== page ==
Al Filreis

Don't keep score

A few words on Kevin Varrone's forthcoming 'Box Score'

The deep relationship between baseball and language has been remarked many times, but rarely if ever has it been enacted in the writing itself. Kevin Varrone’s Box Score is that enactment. Moment by moment, innings (as it were) of prose poems throw the ultimate linguistic eephus. Play by play wordplay struck by bits of ash verbal industry. No open-field poem can find the strike zone. It must go awry and in doing so presents a perfect game—rare but imaginable, and worth staying ‘til the end.

The poetics of a Jamaica Kincaid sentence

On March 20, 2007 I moderated a public conversation with Jamaica Kincaid. Most of the questions I asked her — and my comments about her writing, after I'd read everything she’d written — were about the convergence of a quasi-cubist idea about sentences (almost Steinian in places, although not quite) on the one hand, and, on the other hand, a specifically postmodern postcolonialist conception of her Caribbean origins. A "trying not to get it quite right," as she and I agreed during the discussion.

We have now posted links to: 1) the video recording of the session; 2) the audio recording of the discussion; 3) the audio recording of the reader she had given the night before; and 4) the audio recording of that reading.

Creeley on Dickinson

Image of Creeley courtesy Francesco Clemente (from a 2002 oil painting); image of Dickinson courtesy Penelope Dullaghan (from a poster she created for the Dickinson Museum in Amherst, MA).

In late September of 1985, Robert Creeley visited New College. He gave three lectures on Emily Dickinson (one each on September 20, 23 and 25) and a reading (September 23), introduced by Aaron Shurin and Duncan McNaughton. We at PennSound have now segmented the first of the three talks by topic. Many thanks to Anna Zalokostas for her superb editorial work. The recordings came to PennSound courtesy of David Levi Strauss. So here are the segments of the first lecture on Dickinson:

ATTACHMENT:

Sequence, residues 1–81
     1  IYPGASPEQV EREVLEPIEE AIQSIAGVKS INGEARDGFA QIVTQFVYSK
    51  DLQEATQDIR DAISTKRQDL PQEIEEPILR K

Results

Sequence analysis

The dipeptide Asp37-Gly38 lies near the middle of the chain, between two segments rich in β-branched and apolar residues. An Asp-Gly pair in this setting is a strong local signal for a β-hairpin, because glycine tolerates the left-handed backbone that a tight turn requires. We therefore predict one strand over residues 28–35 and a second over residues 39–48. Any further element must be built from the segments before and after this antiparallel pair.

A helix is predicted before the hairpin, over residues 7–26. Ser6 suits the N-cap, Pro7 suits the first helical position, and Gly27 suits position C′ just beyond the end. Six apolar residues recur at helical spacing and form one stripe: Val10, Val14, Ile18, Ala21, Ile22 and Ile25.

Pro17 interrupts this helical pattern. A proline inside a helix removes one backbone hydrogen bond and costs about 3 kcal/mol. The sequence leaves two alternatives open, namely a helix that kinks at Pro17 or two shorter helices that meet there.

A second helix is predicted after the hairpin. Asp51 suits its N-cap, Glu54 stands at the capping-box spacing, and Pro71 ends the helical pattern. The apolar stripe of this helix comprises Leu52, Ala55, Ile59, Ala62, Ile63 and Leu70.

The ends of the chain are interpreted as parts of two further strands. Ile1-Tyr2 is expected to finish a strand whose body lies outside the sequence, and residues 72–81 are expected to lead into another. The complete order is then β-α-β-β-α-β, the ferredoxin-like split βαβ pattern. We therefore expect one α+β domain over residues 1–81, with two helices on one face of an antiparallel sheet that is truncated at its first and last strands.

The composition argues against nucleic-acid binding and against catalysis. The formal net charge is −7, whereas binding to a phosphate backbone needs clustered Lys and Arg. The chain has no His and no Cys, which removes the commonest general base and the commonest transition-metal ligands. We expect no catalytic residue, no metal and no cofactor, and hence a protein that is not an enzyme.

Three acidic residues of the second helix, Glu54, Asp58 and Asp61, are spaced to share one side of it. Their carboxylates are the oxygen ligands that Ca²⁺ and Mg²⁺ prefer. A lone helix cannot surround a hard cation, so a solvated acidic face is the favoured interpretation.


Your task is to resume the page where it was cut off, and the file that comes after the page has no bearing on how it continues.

1. challenging the image of Emily Dickinson as eccentric, reactive, and fragile (11:06): MP3
  2. on the comings and goings of the Amherst town and church, her secondary school education, and her daily interactions (10:39): MP3
  3. on her family life (3:34): MP3
  4. reading from Emily Dickinson's letters (8:28): MP3
  5. on the patterns of her friends and family (13:47): MP3
  6. reading from Emily Dickinson's letters (3:19): MP3

ModPo announces partnership with the New York Public Library

A still from the introductory video to ModPo.

We are all looking forward to the start of ModPo 2014 on September 6. The site will open at 9 AM Philadelphia time. At that moment (and of course any time after) you’ll be able to go here

https://www.coursera.org/course/modernpoetry

and click through to the actual ModPo site.

Meantime, I’m pleased to announce that I will be in Prague, Czech Republic, on Tuesday, October 14, to join a meet-up/gathering of any and all ModPo’ers in the area. We will gather at 7 PM Prague time. We are looking for a place to host the event. If you can help us, or know of a good place, please contact me.

Of course we encourage the formation of ModPo meet-ups – weekly, monthly, one-time, whatever. Once the course starts you can use the “Study Groups” discussion forum for organizing both virtual and face-to-face gatherings.

I’m writing today to announce that ModPo and the New York Public Library are collaborating to host a weekly meet-up every Thursday from 5:30-7 PM during ModPo’s 10-week session, starting on September 11.  I myself will convene and moderate the first of the weekly NYC gatherings – September 11 at 5:30 PM. The group will meet every week at the Hudson Park Library located at 66 Leroy Street, New York, NY 10014. If you are in NYC or nearby, please plan to join us for each week or any week.

ModPo 2014

Above: illustration for chapter 9.3 (week 10) of ModPo. This goes with the new supplemental syllabus called “ModPoPLUS.” ModPo begins again on 9/6/14 and it’s (as always) free, open to all, non-credit. Runs 10 weeks until mid-November. The course typically requires between 4 and 10 hours per week — much more if you join the discussions and live webcasts. Enroll here: https://www.coursera.org/course/modernpoetry